Wednesday, May 17, 2017

Time To Bug Out

Ah, it's that time of year when we struggle not to turn on the AC until June. Well, I struggle, anyway. The kids and Larry would gladly make this place a refrigerator from May 1 until October, because they don't understand the value of suffering. Or money.

And really, the heat's not bad, yet - but the humidity is rising. My science-y offspring tell me humidity has something to do with water vapor in the air, but you and I know the truth: it is all the devils in hell coming up here to suck the life force from our bodies.

And this spring? These life-sucking devils seem to have brought some friends.


Now, I already knew that our region experiences Brood X, which is this massive influx of cicadas every 17 years. The last event was 2004, and - as luck would have it - our family was living elsewhere that spring. We were tucked away safely north of this plague, in Rhode Island, while Larry went to the Naval War College. Every morning that spring, I woke up and thanked the powers that be that this was the year we were not living in what was apparently Cicada Central.

I called my friend back home at one point (because people still called more than texted back then) to ask if it were as bad as the Internet was making it look. "Hang on," she said. "Let me walk inside. I can't hear you above all the buzzing."

So, yeah, it was bad. At that point I made a vow NOT to be in our area during the spring of 2021, when this phenomenon would re-occur. I am not interested in masses of creepy bugs. I don't care how fascinating it is. They make me want to throw up.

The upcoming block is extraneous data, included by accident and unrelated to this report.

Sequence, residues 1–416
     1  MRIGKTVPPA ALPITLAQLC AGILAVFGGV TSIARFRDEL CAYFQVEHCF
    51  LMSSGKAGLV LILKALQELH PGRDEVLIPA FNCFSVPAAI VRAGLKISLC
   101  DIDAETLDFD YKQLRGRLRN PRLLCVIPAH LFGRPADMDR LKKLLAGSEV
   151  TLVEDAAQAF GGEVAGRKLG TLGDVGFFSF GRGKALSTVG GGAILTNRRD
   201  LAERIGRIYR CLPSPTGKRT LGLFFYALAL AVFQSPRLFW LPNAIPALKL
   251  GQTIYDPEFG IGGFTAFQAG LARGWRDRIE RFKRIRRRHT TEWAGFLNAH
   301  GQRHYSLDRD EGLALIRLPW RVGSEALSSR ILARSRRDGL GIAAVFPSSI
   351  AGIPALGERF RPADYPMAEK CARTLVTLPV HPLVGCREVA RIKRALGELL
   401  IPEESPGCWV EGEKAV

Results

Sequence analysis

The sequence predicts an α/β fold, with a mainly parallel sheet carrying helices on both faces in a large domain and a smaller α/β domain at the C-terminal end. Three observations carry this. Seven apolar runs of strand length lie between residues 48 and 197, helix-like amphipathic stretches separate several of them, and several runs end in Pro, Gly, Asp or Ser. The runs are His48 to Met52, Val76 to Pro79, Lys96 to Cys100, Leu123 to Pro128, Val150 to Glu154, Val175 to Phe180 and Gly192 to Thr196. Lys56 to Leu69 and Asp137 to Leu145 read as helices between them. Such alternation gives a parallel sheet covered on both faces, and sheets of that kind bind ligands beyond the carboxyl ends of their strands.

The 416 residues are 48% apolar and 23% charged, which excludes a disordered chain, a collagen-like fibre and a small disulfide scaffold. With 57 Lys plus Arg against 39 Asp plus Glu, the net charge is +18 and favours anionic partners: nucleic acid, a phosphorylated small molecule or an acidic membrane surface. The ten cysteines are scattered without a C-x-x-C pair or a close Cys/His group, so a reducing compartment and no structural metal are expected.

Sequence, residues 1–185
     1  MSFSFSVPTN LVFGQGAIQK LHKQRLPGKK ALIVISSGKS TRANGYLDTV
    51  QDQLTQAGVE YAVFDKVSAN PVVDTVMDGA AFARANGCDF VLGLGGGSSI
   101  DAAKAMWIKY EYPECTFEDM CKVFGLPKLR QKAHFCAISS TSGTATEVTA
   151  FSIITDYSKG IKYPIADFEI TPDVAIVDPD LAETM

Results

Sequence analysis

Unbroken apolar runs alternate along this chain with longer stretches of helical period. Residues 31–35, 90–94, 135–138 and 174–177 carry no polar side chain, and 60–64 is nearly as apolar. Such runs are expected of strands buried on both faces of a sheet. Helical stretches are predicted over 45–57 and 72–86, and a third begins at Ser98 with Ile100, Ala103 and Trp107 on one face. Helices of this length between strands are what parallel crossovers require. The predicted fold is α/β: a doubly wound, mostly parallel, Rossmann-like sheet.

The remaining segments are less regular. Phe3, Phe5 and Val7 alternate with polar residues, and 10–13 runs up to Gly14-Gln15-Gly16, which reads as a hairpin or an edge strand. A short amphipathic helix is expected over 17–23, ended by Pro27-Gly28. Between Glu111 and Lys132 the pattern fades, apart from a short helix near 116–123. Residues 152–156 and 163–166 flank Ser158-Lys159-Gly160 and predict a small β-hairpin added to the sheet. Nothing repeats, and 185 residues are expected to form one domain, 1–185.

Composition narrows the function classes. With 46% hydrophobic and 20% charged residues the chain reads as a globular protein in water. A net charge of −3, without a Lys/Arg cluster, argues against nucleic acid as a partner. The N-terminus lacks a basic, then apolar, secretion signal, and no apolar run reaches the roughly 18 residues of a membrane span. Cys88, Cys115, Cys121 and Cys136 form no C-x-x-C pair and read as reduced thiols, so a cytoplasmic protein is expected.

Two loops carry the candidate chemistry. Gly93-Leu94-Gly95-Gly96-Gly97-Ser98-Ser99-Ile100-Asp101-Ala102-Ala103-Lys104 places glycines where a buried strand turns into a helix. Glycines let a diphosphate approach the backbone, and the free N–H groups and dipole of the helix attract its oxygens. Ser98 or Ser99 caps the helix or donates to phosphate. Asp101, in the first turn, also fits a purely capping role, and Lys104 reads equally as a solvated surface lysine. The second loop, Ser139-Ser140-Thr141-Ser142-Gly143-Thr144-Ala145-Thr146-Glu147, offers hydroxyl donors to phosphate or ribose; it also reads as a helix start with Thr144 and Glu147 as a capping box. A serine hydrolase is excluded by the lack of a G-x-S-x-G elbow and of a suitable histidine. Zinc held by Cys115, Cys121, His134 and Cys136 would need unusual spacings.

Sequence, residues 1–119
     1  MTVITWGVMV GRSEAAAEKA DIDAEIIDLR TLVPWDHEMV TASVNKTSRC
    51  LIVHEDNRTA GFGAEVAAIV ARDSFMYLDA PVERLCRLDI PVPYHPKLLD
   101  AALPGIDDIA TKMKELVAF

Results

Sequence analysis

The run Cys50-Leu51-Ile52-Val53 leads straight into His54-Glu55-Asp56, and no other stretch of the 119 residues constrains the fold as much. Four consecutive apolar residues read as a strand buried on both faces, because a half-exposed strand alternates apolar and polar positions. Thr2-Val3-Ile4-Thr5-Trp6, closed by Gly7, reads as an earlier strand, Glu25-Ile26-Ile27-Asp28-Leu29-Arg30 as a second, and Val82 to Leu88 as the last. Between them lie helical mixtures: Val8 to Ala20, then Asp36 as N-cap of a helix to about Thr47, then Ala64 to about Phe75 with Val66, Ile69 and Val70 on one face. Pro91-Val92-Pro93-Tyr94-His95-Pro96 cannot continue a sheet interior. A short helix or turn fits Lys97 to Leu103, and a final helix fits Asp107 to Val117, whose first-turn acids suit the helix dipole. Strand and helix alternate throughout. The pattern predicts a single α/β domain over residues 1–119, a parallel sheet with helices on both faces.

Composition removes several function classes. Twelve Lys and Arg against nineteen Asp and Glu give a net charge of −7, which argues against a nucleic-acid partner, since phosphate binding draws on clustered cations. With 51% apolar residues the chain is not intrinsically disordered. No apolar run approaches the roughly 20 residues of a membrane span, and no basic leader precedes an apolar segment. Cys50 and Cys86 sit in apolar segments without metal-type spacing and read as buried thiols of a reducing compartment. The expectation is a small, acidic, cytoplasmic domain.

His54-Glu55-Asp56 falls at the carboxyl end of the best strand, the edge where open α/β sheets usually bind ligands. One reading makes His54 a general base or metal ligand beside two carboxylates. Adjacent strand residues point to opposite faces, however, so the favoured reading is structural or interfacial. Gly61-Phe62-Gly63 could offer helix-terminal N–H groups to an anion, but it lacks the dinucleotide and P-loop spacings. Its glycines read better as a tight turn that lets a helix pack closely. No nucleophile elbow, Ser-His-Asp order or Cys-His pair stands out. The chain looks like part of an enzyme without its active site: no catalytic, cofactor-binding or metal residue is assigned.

Where am I going with this? Well, I was outside a few nights ago, talking to a neighbor in front of her house, and she pointed to the ground. "Look," she said. "There's another one."

"What is it?" I asked, in disgust, as this wet, slug-like creature oozed out of the dirt and started wobbling around on definitely not slug-like legs.

"Cicadas," she said. "They're coming up everywhere. It's driving the dog crazy."

That's right - here we are in 2017 and it appears a whole bunch of cicadas did not get the memo - you know, the one telling them to stay underground another 4 years, while I make travel plans? No one knows just how bad this influx will be or why exactly it is happening - not even all the science-y people who think that humidity is water vapor. All I know is that more and more cicadas and cicada shells are showing up everywhere, and it resembles nothing so much as an alien invasion from a planet populated with giant bugs.

If this gets any worse, I am so out of here. Anyone have a guest room? For two - Susie says she is coming with me.


  1. I guess it's time to be grateful for our dry heat (I keep forgetting.) It will be 103 here next week but at least NO CICADAS.

  2. We don't have any at my house. Get back on that train! My guest room and Paradise Fibers awaits you.

  3. You are more than welcome to join me at the lake in NH this summer! Come on by and stay for a while. Most of the week, you'd be the only ones there!

    1. I am definitely keeping that in mind. Between the mosquitoes and the cicadas, I might become a refugee this summer.

  4. Time for another train trip lol

  5. Ick! I don't think we get those here...that I've noticed anyway. Head to North Carolina - we've got a guest room if you don't mind sharing a bed.

  6. You could always eat them, you know...

  7. Humidity is easy- think of the air as a sponge. If the humidity is high, it's a sponge full of water. When you sweat, the sponge is full and can't easily soak up any more water- so you stay hot and sticky instead of the water evaporating and cooling you down. When humidity is low, the sponge is empty, and your sweat evaporates, so you feel cooler and dry.

  8. In my family, I'm the one who would live in an icebox - but I'm also the one who pays the bills so we suffered a bit and then I caved on Thursday. I'd offer you and Susie a room, but we get cicadas too.